Euro Zone’s Divergent Economies and Monetary Policy

I got this image from The Economist and used it for a recent A2 Test on Macro-Economic conflicts. Recently the OECD and the IMF have urged the European Central Bank (ECB) to cut the bank’s main lending rate from the already low 0.25% to zero. How might this effect countries in the Euro-area? It will tend to impact euro zone countries differently because of where they are in the business cycle. If you look at the unemployment and inflation figures from the graph you see the following:

Unemployment
Austria 4.9%, Germany 5.1%, well below the EU average of 11.8%.
Spain 25.3% and Greece 26.7% very high unemployment.

Some countries have had unemployment dropped significantly during the period –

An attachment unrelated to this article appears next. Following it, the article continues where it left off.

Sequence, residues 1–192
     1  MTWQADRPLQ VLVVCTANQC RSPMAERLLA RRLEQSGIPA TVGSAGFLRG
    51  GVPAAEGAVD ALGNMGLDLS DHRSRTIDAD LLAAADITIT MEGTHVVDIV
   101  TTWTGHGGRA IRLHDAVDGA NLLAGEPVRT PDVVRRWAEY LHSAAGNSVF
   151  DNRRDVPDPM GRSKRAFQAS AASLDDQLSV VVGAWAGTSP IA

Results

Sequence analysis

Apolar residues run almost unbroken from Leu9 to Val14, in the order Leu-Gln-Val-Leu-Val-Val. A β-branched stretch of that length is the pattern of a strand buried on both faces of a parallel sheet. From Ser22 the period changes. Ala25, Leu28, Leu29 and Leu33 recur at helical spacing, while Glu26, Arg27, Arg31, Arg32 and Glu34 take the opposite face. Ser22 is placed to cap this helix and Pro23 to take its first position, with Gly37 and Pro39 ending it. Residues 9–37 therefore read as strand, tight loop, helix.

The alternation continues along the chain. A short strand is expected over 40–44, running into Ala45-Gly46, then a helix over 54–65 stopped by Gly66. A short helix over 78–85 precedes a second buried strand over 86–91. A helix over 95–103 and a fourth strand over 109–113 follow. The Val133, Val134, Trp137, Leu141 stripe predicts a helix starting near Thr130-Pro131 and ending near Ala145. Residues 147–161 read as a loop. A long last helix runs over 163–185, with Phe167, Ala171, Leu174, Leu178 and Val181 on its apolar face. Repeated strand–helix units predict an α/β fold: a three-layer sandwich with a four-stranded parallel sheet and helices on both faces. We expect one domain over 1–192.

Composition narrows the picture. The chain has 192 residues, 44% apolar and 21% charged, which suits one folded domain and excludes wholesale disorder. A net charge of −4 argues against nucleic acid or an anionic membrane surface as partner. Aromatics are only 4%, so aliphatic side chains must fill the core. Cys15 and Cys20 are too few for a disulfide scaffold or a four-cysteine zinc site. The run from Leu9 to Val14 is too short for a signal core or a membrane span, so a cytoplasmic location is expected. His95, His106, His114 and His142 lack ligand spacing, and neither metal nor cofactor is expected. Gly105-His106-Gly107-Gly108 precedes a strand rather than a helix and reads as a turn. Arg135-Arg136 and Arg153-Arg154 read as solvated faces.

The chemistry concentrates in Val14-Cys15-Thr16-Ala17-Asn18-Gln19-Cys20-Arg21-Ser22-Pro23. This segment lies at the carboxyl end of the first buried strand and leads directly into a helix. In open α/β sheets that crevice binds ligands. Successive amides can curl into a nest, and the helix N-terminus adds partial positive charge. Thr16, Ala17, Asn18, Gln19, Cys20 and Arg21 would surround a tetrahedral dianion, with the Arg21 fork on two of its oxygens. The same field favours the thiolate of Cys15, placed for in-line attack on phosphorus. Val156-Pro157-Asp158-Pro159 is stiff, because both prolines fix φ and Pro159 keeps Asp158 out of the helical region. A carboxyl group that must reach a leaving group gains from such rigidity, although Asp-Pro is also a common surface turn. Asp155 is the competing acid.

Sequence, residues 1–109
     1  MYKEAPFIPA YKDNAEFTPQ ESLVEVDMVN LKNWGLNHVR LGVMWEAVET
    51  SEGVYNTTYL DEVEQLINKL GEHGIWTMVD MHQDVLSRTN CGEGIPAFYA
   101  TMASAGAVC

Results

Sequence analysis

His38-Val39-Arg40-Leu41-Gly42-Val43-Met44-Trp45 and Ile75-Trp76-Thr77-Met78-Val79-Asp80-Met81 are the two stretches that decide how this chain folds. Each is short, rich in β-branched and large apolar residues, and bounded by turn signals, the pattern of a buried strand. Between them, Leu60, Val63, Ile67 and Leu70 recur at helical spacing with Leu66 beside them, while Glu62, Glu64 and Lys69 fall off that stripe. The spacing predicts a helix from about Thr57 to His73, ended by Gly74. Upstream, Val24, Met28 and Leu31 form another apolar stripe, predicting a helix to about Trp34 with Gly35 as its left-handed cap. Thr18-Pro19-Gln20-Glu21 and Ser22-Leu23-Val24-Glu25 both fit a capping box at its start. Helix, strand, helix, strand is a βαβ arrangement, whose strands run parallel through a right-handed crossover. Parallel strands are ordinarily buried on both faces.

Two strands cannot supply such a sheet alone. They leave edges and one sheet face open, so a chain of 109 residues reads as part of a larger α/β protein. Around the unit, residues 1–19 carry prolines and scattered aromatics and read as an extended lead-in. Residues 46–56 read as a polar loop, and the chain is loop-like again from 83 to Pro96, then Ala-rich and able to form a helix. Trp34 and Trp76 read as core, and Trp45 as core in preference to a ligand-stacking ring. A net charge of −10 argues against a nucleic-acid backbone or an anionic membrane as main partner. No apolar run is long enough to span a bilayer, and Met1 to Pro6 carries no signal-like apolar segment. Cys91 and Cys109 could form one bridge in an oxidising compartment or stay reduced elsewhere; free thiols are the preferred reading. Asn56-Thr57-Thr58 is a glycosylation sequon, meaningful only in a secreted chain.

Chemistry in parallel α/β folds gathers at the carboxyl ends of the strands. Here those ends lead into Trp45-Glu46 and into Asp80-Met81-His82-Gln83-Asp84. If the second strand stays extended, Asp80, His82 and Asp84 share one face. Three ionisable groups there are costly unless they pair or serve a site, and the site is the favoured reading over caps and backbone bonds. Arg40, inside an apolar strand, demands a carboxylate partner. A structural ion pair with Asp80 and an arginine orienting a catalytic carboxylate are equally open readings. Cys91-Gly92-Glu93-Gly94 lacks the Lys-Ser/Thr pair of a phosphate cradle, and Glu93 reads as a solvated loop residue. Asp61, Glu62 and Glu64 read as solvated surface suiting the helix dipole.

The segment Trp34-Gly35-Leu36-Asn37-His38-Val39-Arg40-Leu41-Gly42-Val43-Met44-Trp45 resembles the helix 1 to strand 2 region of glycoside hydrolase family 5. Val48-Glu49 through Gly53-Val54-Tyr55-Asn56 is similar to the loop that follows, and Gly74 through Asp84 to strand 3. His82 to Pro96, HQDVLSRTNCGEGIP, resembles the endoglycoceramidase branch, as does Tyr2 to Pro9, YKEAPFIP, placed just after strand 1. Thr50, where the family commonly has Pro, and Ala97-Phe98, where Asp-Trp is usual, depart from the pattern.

Latvia approx. 22% to 11.6
Estonia approx.. 18% to 7.8%

Inflation
Highest rate Malta &Austria 1.4%, Finland 1.3%
Lowest – Greece -1.5%, Cyprus -0.9%

Euro divergent economies

The loss of monetary sovereignty has its problems

Reducing the interest to zero is an expansionary monetary policy which is a tool to increase aggregate demand, economic growth and employment. Monetary Policy, which is determined by the ECB, will have different effects in different countries. The ECB responds to aggregate levels of inflation and unemployment, not individual country levels – Unemployment is 11.8% and Inflation is 0.5%. Therefore it is a one size fits all policy. However some member states maybe experiencing rising levels of inflation and lower levels of unemployment whilst others might be the opposite – falling levels of inflation and higher levels of unemployment.